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March 9, 2015

Responding To: Week 7: Gender Issues

The Dirty War on Women: Conducted on Their Bodies

Susan Brooks Thistlethwaite

The war on women is not a war on them, but a war about them that is conducted on their bodies, and Western culture is deeply complicit in this violence. I have always been concerned about women’s roles, including links between domestic violence and rape. Now, my work as a domestic violence counselor and activist for women has come together with my lifelong role as a peace activist and a scholar of theology and the new paradigm, Just Peace, of which I am one of the founding architects. They are the subject of my new book, Women’s Bodies as Battlefields: Christian Theology and the Global War on Women?

During the 2012 presidential campaign, when horrific rhetoric about women was coming from different directions, I realized that this truly is a war, but also a war that resembles what the world now rightly calls a dirty war. I came to see war itself in a different light, war itself but also violence against women, as a dirty war. In the reflections that led to the book I saw closer links to all the most problematic elements of Christianity and the cultures that surround it.

I worked for a long time, separately, with battered women and as an anti-war and justice activist, but did not really see them as connected. The topics were for me (and for others in the fields) quite siloed and separate. But it is very clear to me now that the peace movement (which is actually very patriarchal) should have done far more to focus on the issues of violence against women, both in what happened directly in the course of war (especially rape and abuse) and in the deeper causes of violence overall. Looked at coldly, the peace movement has done virtually nothing about violence against women.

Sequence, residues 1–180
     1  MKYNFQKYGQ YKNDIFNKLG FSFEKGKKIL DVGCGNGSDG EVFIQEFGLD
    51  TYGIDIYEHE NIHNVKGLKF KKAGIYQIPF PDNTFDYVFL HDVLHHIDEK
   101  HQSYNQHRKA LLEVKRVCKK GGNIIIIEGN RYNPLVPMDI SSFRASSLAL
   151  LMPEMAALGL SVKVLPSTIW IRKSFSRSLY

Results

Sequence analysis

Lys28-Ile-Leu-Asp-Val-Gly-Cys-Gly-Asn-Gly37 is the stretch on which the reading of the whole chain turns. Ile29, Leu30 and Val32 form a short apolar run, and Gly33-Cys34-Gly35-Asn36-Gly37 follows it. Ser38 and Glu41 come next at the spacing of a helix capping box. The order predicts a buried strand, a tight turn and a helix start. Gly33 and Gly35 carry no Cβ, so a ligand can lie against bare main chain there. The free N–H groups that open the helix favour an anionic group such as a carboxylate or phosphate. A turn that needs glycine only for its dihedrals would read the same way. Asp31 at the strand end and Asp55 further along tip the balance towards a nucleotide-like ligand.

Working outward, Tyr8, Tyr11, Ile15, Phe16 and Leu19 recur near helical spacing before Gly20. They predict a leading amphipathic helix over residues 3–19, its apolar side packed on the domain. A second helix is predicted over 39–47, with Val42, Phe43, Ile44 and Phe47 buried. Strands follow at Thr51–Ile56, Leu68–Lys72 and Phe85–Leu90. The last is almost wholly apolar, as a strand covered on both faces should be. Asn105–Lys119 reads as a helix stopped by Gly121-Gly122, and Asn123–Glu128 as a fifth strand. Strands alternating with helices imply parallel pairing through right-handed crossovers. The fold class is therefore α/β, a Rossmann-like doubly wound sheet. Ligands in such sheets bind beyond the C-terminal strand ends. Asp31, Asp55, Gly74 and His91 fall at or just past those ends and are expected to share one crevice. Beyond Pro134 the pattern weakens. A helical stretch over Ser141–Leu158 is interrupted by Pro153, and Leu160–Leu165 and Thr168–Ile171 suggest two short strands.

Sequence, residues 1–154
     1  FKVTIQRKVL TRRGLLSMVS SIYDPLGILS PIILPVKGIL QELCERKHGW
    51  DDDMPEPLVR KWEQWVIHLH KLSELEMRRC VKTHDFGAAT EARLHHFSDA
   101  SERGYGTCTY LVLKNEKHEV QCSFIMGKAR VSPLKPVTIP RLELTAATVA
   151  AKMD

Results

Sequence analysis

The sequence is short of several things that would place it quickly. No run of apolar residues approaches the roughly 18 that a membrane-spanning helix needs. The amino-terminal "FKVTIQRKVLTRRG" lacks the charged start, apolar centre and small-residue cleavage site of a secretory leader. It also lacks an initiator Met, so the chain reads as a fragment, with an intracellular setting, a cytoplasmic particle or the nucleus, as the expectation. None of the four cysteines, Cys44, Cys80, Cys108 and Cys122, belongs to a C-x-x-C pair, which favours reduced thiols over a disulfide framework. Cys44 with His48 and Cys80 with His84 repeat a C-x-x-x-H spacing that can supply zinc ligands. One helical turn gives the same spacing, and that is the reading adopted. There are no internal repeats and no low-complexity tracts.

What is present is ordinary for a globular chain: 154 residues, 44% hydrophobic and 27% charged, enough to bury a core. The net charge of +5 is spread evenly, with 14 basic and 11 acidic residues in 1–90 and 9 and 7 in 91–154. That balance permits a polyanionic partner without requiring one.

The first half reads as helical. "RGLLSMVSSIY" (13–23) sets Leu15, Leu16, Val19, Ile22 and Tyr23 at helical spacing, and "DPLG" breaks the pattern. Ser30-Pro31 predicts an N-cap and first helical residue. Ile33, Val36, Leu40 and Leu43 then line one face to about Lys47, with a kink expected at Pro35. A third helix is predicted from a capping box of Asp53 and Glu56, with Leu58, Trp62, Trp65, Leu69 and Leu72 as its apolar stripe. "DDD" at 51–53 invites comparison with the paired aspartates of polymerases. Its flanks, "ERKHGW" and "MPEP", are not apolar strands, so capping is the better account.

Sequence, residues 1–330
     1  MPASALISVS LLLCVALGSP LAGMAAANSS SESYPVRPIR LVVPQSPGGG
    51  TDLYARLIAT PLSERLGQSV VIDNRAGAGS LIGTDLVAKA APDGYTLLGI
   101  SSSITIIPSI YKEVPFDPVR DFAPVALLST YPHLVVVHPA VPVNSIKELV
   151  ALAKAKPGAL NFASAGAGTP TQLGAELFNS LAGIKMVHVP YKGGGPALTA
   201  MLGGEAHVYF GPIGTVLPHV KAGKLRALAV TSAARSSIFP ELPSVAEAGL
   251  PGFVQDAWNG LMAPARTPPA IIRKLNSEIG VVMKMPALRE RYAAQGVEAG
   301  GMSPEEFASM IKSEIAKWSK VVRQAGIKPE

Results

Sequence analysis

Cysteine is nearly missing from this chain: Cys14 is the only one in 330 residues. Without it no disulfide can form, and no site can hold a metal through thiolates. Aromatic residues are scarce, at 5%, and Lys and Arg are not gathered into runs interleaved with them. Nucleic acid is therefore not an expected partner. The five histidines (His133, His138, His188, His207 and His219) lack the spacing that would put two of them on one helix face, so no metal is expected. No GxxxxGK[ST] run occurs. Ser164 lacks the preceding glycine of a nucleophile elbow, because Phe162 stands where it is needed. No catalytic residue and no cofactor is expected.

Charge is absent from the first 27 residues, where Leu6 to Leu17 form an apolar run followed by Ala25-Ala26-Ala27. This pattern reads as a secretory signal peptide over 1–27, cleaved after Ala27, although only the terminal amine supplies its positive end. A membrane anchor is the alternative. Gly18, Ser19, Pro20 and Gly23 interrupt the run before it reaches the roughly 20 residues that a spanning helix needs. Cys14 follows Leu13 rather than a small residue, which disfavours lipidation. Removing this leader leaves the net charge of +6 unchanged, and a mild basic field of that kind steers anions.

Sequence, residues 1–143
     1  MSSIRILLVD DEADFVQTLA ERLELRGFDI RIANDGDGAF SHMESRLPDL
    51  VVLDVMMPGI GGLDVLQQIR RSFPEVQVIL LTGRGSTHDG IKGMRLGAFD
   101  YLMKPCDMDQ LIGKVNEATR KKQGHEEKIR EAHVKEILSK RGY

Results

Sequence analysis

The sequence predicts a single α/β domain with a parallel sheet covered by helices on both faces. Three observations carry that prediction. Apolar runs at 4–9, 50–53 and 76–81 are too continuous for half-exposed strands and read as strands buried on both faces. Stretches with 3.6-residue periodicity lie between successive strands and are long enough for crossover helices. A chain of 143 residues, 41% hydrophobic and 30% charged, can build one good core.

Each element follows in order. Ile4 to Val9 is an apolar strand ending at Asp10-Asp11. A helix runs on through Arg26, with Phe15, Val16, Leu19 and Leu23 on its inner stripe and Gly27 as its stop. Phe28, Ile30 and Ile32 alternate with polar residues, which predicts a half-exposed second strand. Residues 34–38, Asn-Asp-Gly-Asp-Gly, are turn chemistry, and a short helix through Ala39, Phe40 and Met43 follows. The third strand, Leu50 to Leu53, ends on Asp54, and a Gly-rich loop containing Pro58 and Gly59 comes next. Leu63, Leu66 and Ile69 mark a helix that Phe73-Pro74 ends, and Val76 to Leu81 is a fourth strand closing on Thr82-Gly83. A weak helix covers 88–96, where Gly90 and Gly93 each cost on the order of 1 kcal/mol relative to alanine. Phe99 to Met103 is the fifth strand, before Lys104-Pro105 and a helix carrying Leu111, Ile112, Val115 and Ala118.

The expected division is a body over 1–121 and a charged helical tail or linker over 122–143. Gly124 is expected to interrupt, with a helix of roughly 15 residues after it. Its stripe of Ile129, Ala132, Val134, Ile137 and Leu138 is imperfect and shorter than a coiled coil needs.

To understand the links, I had to develop new approaches. The two phenomena are not the same: war and power and violence against women come from different sources in the society and within Christianity. But when you look at the way in which Just War is justified there are many similarities with what might be termed “Just Rape” or “Just Battering,” which, in effect, means violence authorized by the society. From there the pattern of linkages widens, to social, economic, and political phenomena. 

I published a review of the film 50 Shades of Grey that, appallingly, opened on Valentine’s Day. It gives a very clear picture of how violence and submission are justified and framed as erotic. It is also a celebration of wealth as erotic, again a clear reflection of the way values are framed in our society. The mechanisms through which the submission is achieved, by undermining confidence, are starkly evident. The energy around the film illustrates both the power of the culture of violence and the ways in which it comes back so often to violence against women. 

Women’s subordinate economic status to men is, world-wide, a driver of violence against them. Women can feel trapped and may actually be ensnared as they try to escape violence. Economic empowerment for women is clearly a Just Peace practice. However, it must be undertaken with intensive critical analysis so that it does not contribute to violence against women instead of being a way to prevent and end it. Safe spaces are needed. Creating “safe spaces” suggests that we take independent initiatives at practical levels to reduce threats and assure protection. But above all it means the reconstruction of masculinity away from violence that serves as a way to achieve power and status in a masculinized society. 

Rev. Dr. Susan Brooks Thistlethwaite is a Senior Fellow at American Progress and a Professor of Theology at Chicago Theological Seminary, where from 1998 to 2008 she served as its President. 

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